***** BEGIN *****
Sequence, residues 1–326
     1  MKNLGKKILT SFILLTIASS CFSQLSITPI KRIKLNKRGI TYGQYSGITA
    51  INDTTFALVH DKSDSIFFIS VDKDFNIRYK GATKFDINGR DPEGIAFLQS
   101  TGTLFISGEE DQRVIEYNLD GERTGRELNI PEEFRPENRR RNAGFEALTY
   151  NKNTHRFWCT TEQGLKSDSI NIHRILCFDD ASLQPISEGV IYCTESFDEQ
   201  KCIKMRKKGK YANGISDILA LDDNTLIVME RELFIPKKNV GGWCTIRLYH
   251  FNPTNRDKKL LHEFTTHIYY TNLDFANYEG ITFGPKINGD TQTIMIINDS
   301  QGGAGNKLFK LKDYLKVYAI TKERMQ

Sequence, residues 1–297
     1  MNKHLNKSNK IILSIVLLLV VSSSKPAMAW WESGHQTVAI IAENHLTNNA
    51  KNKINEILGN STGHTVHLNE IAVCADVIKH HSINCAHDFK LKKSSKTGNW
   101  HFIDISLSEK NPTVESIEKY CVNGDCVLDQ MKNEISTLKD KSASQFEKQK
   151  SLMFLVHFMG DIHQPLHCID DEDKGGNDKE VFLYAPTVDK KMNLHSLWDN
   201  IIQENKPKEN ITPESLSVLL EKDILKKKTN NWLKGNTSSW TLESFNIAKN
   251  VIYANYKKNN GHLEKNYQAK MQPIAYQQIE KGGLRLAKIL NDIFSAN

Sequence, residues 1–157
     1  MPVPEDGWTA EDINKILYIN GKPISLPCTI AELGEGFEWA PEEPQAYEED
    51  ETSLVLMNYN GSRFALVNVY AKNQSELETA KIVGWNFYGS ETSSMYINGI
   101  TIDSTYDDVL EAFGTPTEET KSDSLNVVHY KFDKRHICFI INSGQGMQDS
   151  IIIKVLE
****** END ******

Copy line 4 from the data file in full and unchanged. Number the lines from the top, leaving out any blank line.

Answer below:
   101  TGTLFISGEE DQRVIEYNLD GERTGRELNI PEEFRPENRR RNAGFEALTY